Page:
When I reviewed the ZOIA, I said there was nothing else quite like it on the market. And that’s still largely true, but the Beebo from Poly Effects is at least a close relative. It’s, in theory, a “multi modulation pedal” for your guitar. But, in reality, it’s a digital modular synth that just happens to excel at guitar effects.
The front of the pedal has two knobs for changing parameters, three foot switches and a five-inch touchscreen where you build your patches. Just like the ZOIA, Beebo won’t make any sound until you connect the virtual modules inside. Though connecting things and navigating your creations should be a little bit easier on a touchscreen than a grid of multicolored buttons.
Under the hood is a 64bit ARM CPU, 2GB or RAM and 16GB of flash storage. So, in short, it’s a computer, but focused exclusively on processing audio. There’s at ton of pretty traditional effects here, like delay, reverb, chorus, a phaser and flanger. But there’s also more exotic modules like a granular processor, digital oscillators for building synths, LFOs and filters. And combining these and using one module to control another is where the power of Beebo lies.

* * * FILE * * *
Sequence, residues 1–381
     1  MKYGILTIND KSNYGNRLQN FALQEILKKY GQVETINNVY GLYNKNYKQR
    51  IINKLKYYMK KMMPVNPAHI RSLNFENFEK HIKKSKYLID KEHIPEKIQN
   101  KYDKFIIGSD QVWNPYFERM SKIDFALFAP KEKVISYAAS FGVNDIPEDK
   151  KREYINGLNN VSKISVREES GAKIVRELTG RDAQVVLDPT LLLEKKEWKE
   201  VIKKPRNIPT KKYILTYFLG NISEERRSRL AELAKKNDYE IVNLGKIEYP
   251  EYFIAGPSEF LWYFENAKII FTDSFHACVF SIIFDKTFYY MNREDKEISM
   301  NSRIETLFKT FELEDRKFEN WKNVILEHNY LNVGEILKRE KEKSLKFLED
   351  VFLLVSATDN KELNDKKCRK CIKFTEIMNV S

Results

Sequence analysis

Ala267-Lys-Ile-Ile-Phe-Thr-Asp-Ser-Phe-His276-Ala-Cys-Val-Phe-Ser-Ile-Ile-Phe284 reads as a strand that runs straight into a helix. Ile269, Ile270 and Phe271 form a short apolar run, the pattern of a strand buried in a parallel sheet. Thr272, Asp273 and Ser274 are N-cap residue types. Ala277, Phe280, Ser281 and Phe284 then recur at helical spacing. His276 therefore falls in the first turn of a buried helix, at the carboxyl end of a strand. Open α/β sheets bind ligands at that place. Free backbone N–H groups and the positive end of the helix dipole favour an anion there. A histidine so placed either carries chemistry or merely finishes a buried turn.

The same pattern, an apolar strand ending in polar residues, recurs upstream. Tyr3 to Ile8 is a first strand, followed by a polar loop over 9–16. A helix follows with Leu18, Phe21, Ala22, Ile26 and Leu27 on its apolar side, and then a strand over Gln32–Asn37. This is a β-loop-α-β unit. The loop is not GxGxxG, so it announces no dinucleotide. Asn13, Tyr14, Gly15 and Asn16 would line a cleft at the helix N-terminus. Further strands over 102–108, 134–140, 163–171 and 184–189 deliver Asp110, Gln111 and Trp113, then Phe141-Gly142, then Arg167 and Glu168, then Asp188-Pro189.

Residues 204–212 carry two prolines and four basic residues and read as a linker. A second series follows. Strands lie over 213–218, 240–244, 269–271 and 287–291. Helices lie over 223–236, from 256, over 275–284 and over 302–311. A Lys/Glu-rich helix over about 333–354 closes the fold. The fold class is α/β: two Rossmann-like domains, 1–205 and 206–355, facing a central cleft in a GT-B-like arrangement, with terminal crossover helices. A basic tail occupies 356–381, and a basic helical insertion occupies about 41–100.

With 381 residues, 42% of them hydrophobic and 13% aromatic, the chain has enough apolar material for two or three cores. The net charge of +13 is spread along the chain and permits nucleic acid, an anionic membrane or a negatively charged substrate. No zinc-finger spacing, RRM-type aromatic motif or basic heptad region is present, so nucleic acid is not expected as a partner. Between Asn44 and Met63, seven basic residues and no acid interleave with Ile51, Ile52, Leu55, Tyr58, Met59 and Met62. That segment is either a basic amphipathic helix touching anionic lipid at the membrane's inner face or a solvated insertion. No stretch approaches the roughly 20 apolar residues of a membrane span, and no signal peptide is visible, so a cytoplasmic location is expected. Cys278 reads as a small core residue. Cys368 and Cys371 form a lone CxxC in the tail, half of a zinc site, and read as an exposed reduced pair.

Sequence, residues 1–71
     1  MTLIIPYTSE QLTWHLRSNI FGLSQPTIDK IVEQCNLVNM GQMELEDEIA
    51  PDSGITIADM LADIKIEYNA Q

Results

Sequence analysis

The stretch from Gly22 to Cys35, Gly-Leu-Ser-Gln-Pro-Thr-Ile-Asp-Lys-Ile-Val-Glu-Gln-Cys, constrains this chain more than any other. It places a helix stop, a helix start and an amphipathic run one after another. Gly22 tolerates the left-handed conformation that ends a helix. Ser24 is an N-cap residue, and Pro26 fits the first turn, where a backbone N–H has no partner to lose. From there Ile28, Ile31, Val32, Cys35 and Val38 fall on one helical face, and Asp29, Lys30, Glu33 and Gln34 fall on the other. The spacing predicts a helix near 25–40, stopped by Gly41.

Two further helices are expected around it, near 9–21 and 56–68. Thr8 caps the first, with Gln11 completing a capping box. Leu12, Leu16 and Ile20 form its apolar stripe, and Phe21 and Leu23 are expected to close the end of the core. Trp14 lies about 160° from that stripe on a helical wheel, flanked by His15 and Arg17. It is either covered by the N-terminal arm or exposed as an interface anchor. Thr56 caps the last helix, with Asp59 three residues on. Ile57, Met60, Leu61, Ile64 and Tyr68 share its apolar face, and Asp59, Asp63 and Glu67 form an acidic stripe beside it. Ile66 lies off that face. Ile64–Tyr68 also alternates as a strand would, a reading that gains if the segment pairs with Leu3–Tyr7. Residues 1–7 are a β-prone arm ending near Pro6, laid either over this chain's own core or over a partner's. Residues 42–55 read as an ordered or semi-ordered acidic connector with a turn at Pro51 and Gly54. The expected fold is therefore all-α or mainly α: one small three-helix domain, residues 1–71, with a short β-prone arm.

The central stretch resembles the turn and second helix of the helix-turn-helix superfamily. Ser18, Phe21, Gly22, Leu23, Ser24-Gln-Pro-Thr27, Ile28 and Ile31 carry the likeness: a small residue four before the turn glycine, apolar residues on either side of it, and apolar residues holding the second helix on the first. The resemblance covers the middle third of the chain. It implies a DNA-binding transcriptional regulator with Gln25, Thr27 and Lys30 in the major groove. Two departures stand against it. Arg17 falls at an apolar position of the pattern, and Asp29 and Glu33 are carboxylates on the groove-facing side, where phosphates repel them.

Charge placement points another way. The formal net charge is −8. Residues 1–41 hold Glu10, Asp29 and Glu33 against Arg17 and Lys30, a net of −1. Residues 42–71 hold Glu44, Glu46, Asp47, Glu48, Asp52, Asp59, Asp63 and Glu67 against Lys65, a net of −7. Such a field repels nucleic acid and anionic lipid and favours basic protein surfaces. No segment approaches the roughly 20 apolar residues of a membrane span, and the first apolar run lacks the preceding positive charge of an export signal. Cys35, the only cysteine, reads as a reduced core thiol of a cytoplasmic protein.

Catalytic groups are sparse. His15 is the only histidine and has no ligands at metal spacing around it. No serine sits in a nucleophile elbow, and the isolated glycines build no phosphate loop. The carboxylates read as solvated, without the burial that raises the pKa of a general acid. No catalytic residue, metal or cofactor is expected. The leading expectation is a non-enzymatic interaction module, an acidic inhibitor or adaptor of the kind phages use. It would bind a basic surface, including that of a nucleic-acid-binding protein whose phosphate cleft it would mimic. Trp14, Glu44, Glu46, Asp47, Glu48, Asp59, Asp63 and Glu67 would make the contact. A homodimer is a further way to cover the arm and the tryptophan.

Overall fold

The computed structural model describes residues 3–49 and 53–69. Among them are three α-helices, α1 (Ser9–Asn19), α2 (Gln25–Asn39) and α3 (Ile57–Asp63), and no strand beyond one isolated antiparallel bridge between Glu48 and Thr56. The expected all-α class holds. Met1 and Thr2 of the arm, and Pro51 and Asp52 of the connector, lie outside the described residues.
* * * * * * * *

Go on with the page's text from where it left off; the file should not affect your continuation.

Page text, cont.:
It’s also worth noting, that many of the synth modules are based on devices from Mutable Instruments, like Grids, Plaits, Clouds and Warps. These are incredibly popular and deep eurorack modules. And each costs a couple of hundred bucks. So, getting them in a $399 guitar pedal is pretty exciting.
But, Beebo also has a secret. It’s the same exact hardware as Poly Effects’ last pedal, Digit. It’s just running different firmware. And, you can freely swap between the two firmwares. So, if you bought a Digit, you already own a Beebo. And, if you buy a Beebo, you’re also getting a Digit.
The Digit and the Beebo share a lot of the same DNA. And there’s a lot of feature overlap between the two. But, instead of synth engines, the Digit focuses on cab sims, delays and reverbs. It dedicates quite a lot of its horsepower to its convolution reverb engine. You can even use the USB port on it to load up your own IR (impulse response) files so that you can recreate the sound of your favorite vintage amp, rack mount reverb, or even the natural echo of your bathroom. (The latest firmware includes reverbs built around the sound of the Pool of the Black Star.)
In addition to the USB port, both pedals also have TRS MIDI in and out, plus two TRS stereo ins and outs, for a total of four audio channels in each direction.
The Beebo and Digit are both available to order now, but there’s a roughly three week wait for production according to the site. Which makes sense since all the pedals are built by hand and Poly is still a small company.